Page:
Motion Structures is a new project by Everardo Reyes (Associate professor, Information and Communication, University of Paris 13, and an active member of our lab). Using ImageJ (the same open source science software for image analysis we use in the lab to develop custom plugins ImagePlot, ImageMontage, and ImageSlice), Everardo developed a new plugin. The tool takes any image sequence (film, video, animation) and translates into a 3D shape. The shape encodes spatial and temporal transformation in a moving image sequence.
The shape can be represented as perspectival images or printed in 3D. Here is one example from Motion Structures - a 5 second segment from Games of Thrones, visualized as a 3D shape:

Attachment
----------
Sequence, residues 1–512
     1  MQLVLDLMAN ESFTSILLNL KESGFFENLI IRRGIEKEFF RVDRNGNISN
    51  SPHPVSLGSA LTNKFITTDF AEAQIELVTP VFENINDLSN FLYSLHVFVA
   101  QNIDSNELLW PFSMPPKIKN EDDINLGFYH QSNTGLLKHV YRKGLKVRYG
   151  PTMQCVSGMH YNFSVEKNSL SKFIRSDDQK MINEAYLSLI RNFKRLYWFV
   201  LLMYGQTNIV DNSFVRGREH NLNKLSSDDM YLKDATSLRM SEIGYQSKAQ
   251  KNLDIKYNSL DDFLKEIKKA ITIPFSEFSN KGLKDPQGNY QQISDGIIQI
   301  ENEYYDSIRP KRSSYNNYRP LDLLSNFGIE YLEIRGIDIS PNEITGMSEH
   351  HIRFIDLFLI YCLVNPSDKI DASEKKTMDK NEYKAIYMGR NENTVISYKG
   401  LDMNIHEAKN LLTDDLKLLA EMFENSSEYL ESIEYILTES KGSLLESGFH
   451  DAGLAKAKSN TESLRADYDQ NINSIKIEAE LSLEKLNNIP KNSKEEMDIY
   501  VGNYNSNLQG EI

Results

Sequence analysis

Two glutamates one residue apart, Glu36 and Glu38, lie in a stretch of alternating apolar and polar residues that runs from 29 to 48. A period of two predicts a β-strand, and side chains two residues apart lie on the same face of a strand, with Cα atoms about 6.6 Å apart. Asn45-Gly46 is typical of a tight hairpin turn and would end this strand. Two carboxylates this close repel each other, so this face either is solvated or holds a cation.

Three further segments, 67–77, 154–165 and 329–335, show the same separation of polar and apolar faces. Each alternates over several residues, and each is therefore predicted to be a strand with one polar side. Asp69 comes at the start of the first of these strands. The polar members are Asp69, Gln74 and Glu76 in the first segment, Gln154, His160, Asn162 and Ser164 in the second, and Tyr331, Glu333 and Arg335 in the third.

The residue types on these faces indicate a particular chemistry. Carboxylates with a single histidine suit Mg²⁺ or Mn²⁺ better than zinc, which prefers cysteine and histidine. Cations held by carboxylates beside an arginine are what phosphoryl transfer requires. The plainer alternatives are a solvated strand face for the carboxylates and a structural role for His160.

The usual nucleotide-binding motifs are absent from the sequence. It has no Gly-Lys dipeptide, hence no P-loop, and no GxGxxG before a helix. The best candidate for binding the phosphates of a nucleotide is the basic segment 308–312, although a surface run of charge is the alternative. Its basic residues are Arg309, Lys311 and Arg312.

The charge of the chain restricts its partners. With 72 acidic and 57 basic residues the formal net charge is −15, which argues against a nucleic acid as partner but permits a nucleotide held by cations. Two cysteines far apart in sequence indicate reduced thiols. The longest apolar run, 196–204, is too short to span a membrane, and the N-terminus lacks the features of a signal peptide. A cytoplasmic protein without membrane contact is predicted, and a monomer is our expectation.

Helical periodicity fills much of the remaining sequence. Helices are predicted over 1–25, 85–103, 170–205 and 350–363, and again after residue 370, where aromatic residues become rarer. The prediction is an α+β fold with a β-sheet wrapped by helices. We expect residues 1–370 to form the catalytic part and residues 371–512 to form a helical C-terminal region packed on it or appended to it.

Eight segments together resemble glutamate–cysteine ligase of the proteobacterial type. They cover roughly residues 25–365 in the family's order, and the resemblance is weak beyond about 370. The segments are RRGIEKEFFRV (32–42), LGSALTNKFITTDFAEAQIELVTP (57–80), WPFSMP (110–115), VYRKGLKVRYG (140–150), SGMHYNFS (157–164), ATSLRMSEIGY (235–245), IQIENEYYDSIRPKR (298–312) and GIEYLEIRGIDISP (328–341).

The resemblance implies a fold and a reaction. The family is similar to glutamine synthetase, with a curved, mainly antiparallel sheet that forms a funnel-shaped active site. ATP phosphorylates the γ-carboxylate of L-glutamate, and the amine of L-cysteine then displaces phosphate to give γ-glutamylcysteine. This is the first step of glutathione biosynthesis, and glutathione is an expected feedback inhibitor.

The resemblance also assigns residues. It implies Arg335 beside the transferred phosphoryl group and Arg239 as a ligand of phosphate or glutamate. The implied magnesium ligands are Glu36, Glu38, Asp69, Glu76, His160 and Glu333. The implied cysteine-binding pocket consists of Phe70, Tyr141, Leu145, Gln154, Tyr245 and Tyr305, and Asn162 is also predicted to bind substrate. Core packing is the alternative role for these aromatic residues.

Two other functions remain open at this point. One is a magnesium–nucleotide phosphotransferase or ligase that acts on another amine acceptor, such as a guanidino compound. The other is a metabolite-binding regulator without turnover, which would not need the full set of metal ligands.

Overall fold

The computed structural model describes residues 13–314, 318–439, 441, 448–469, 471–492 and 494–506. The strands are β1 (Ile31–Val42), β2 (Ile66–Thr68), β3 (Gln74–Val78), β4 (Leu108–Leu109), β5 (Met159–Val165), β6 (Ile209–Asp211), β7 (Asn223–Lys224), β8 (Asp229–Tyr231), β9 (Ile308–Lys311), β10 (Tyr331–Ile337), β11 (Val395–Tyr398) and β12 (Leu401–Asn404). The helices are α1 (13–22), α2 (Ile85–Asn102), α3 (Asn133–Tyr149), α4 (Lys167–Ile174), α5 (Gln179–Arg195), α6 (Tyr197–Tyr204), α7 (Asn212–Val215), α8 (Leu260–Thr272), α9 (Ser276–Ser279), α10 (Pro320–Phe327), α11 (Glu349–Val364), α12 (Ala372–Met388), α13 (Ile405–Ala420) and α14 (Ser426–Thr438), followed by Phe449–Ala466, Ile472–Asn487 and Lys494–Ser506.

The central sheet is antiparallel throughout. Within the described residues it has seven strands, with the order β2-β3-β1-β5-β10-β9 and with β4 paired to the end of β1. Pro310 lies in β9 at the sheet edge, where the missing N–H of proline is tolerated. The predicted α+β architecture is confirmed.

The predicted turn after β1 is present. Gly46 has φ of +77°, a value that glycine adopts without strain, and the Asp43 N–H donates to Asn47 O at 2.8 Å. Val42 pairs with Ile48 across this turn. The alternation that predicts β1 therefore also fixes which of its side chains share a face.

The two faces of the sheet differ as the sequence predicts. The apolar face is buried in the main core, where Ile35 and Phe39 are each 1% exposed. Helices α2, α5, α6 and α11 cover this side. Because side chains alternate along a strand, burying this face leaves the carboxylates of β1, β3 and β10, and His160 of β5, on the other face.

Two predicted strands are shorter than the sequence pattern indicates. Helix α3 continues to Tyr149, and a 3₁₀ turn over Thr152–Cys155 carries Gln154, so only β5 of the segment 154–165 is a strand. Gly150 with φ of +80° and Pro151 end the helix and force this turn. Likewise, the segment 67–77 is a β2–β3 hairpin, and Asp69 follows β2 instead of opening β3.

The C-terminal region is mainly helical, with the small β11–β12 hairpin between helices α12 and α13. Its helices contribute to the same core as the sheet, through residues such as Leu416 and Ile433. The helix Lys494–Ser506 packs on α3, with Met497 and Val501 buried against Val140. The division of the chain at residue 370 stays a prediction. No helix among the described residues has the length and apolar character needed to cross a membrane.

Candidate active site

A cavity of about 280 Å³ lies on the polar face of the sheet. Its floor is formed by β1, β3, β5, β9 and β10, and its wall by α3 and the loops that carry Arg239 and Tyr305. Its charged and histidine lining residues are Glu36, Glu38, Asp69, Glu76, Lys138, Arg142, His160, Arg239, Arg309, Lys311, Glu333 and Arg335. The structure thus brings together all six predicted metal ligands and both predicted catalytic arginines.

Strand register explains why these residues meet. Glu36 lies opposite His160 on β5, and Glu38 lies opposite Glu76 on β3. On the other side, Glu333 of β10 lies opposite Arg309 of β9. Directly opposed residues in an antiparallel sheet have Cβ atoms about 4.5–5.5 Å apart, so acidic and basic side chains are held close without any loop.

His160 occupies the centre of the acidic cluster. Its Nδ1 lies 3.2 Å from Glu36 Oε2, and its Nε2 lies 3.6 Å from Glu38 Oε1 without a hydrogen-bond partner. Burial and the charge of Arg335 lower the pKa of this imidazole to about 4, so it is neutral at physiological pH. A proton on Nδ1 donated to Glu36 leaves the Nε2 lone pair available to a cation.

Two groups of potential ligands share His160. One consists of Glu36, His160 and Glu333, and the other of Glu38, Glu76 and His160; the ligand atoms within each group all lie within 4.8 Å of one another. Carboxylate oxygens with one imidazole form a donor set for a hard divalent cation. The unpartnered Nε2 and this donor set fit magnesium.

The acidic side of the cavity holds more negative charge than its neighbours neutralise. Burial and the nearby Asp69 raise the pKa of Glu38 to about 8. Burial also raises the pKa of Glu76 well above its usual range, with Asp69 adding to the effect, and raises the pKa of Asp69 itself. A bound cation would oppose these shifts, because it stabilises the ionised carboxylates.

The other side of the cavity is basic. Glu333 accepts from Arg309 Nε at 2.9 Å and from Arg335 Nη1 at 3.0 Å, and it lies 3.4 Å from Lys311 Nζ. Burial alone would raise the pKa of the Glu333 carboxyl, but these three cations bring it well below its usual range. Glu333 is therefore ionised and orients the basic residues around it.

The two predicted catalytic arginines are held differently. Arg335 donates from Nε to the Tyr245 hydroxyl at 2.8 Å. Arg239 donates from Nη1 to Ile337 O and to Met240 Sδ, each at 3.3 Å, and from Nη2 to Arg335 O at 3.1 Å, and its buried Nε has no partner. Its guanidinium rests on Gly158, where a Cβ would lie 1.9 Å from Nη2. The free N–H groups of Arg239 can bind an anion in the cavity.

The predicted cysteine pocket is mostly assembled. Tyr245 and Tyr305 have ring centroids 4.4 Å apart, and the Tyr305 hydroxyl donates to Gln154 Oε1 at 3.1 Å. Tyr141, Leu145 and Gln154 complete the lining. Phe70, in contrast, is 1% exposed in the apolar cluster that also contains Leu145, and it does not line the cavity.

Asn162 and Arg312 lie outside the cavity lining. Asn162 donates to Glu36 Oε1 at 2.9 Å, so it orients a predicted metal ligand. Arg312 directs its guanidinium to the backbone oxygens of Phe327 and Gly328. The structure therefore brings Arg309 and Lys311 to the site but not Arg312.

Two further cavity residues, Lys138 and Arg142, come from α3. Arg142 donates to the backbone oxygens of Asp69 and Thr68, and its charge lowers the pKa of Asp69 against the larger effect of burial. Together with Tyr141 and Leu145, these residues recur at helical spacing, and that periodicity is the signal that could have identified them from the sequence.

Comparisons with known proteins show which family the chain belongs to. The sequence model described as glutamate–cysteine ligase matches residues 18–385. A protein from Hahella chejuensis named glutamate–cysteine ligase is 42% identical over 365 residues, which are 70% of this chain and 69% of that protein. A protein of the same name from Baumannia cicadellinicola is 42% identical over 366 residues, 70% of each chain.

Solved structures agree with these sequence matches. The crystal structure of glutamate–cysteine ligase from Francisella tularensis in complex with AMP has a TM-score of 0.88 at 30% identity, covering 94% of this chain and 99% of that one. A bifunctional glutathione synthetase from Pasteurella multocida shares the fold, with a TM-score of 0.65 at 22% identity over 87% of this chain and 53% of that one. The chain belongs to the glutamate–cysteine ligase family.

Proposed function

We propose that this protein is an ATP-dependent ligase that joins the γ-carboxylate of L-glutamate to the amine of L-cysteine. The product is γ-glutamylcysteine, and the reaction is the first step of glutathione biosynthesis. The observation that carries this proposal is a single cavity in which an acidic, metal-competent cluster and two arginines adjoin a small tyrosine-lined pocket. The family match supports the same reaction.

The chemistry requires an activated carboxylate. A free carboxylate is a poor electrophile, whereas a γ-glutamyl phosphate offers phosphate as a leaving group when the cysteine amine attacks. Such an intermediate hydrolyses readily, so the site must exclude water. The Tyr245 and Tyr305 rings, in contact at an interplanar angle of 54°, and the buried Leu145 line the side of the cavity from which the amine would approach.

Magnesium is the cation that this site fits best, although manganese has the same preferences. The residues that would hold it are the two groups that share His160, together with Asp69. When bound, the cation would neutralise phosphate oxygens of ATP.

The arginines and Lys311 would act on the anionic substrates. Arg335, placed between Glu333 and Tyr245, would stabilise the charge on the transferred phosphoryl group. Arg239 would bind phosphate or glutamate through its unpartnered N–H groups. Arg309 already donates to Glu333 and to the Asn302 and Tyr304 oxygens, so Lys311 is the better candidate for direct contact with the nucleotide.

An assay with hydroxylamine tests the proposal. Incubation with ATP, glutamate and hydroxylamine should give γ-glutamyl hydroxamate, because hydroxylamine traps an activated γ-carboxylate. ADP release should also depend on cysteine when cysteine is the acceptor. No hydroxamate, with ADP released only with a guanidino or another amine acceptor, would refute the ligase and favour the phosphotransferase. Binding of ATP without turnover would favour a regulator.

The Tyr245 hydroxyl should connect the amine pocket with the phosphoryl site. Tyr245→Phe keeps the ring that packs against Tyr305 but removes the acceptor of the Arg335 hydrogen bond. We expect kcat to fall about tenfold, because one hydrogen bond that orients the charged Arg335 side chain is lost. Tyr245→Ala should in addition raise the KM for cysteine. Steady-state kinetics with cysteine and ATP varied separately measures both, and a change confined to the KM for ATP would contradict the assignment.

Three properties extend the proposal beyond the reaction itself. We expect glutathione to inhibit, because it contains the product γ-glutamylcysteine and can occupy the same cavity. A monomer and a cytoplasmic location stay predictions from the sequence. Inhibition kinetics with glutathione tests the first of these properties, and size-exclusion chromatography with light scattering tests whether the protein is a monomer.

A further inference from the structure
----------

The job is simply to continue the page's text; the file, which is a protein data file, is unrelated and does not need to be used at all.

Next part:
Motion Structures is not the first project to extract the structure of a moving image sequence and represent in a new way. The early 20th century examples include work by Étienne-Jules Marey and Frank and Lillian Gilbreth (see my article Visualizing Vertov for the discussion).
More recently, we saw Ghostcatching by Paul Kaiser and Shelley Eshkar (1999), The Invisible Shapes of Things Past by Art+Com (1995-2007), Cinemetrics by Frederic Brodbeck (2011), and a number of other projects which all use computers.
Everardo adds his own unique take on how moving images can be converted into new visual representations; and since he made available his software tool, everybody can apply to other films, videos, TV shows, recordings of dance and other performances, and all other genres of moving images.